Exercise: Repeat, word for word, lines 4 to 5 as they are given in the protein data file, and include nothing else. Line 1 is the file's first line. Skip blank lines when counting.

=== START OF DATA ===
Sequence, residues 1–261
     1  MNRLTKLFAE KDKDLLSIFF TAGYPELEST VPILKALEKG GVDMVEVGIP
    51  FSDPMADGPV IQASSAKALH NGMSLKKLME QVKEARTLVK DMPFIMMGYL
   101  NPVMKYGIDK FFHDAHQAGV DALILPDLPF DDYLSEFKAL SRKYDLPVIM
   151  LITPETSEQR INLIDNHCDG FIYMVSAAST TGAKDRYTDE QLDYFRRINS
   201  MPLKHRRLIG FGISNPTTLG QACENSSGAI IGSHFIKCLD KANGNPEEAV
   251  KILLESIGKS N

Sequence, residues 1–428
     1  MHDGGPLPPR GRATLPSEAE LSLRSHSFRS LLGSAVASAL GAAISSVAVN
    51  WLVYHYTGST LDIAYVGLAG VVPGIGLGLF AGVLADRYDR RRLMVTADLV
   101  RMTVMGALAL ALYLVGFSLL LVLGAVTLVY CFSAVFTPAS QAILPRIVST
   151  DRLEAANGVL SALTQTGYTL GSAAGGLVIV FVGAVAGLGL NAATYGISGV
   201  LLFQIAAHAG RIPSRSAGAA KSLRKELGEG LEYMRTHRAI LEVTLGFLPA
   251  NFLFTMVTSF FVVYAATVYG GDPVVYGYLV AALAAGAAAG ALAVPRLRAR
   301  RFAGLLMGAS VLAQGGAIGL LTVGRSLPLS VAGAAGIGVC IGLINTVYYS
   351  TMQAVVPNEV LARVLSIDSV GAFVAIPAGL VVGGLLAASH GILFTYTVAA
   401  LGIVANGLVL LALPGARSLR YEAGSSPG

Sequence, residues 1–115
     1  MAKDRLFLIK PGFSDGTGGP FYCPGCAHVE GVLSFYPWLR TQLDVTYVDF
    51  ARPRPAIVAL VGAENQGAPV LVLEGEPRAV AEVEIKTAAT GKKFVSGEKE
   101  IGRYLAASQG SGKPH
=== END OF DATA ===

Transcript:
   101  NPVMKYGIDK FFHDAHQAGV DALILPDLPF DDYLSEFKAL SRKYDLPVIM
   151  LITPETSEQR INLIDNHCDG FIYMVSAAST TGAKDRYTDE QLDYFRRINS